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February 6, 2009

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Unions and business on collision course over directors’ duties

Calls have been renewed to put directors’ duties on a statutory

footing, after an HSE-commissioned study indicated that the voluntary

code, published in October 2007, had failed to make an impact among

company directors. But manufacturers’ organisation, EEF, has urged the

Government to resist such pressure, pointing to conflicting findings

that directors of manufacturing companies are, in fact, taking their

responsibilities more seriously.

The HSE study, undertaken by Databuild, aimed to assess the extent to which directors are aware of the joint HSE-Institute of Directors’ (IoD) voluntary code on directors’ duties on health and safety. The Executive has warned employers that they have until 2010 to demonstrate that the voluntary approach works, or face a change in the law.

Telephone interviews, which took place over the summer, found that just one in four directors, or equivalents, were even aware of the guidance — although in larger organisations this figure rose to 40 per cent. Penetration was greatest in the NHS sector (54 per cent) and weakest in hotels and catering (19 per cent). Awareness was also low in the relatively high-risk sectors of manufacturing (24 per cent), and transport and communication (26 per cent).  One in three construction companies surveyed knew of the guidance.

Half of those aware of the publication had read the guidance, and, of these individuals, half had taken, or planned to take, further actions.

The findings have prompted construction union UCATT to reiterate its call for statutory duties to be introduced. General secretary Alan Ritchie said: “Once again it has been shown that construction companies have complete contempt for the voluntary code. This is not arguing over bits of papers. The introduction of statutory directors’ duties would help make industries like construction safer almost overnight.”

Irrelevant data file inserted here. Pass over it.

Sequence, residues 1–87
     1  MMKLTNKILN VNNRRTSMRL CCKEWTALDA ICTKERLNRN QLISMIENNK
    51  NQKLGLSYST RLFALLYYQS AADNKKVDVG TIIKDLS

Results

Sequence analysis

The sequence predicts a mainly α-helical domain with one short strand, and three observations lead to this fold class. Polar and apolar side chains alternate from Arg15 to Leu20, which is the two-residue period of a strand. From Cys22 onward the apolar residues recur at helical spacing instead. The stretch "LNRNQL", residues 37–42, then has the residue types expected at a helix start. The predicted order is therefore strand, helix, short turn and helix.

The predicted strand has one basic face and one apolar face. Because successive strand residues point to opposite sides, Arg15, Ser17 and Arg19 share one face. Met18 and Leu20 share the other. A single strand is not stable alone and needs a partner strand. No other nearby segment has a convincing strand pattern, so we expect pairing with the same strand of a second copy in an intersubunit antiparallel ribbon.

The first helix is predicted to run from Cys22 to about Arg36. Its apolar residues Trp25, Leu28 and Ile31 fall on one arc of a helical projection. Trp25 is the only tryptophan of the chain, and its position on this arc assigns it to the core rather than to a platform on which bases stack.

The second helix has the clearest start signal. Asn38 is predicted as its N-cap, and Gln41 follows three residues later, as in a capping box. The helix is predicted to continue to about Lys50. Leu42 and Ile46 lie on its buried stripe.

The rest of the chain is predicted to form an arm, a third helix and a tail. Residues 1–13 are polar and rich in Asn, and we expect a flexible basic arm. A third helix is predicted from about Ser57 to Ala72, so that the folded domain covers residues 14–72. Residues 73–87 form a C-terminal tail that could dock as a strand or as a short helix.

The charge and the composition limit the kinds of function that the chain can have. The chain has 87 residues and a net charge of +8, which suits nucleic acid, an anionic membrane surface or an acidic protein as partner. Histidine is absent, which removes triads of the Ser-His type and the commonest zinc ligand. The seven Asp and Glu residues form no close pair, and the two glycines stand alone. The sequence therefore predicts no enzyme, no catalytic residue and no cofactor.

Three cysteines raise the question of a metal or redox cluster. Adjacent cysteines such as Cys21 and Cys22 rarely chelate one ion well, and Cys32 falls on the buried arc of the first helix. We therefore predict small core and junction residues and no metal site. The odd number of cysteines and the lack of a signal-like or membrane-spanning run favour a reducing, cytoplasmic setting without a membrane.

However, the EEF group has urged the Government to resist pressures for new legal duties on directors, after a survey of its members painted a different picture. According to EEF’s 2008 Health and Safety Survey, directors in more than 80 per cent of companies are actively involved in managing health and safety, while more than 75 per cent of firms are discussing health and safety at board meetings. Moreover, in the last three years, there has been a 40-per-cent rise in the number of boards who monitor health and safety management as part of their key performance indicators.

Commenting on his organisation’s research, head of health and safety policy at EEF, Steve Pointer, said: “This survey shows that active leadership by directors is now very definitely the norm, not the exception.”

He continued: “The law already allows directors or managers to be held to account if their personal actions put someone at risk. Adding specific requirements, such as appointing a single director to be charged with managing health and safety, could only be counter-productive. It would send a message that fellow directors can forget all about health and safety, which would be disastrous.”

He described the Databuild survey “as an important first step”, but criticised its methodology, saying “asking busy people about awareness of a leaflet does have limitations”.  

The head of the HSE’s Business Involvement Unit, Tony Bandle, accepted that “these are trying times for businesses, their suppliers and customers”, but encouraged other industry leaders to take advantage of the HSE/IoD guidance, which, he said, was written “by business people for business people”.

The Institute of Directors’ head of parliamentary and regulation affairs, Alexander Ehmann, told SHP: “Forty per cent of larger businesses had awareness of the guidance, which is a good start. We want to go further [in terms of awareness] but we’ve done well on various indicators compared to very high-profile and well-funded national awareness campaigns.”

But he felt the unions could contribute more in terms of publicising the guidance. Added Ehmann: “The unions have not been as committed to disseminating the guidance as they could have been, and are not utilising themselves as a conduit for it.”

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